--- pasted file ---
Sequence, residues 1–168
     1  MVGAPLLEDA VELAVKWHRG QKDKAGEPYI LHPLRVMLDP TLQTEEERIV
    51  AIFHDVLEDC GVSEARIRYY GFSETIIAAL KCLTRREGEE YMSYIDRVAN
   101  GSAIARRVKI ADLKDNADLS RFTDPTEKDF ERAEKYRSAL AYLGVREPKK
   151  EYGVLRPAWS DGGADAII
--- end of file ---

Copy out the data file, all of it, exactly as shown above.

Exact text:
Sequence, residues 1–168
     1  MVGAPLLEDA VELAVKWHRG QKDKAGEPYI LHPLRVMLDP TLQTEEERIV
    51  AIFHDVLEDC GVSEARIRYY GFSETIIAAL KCLTRREGEE YMSYIDRVAN
   101  GSAIARRVKI ADLKDNADLS RFTDPTEKDF ERAEKYRSAL AYLGVREPKK
   151  EYGVLRPAWS DGGADAII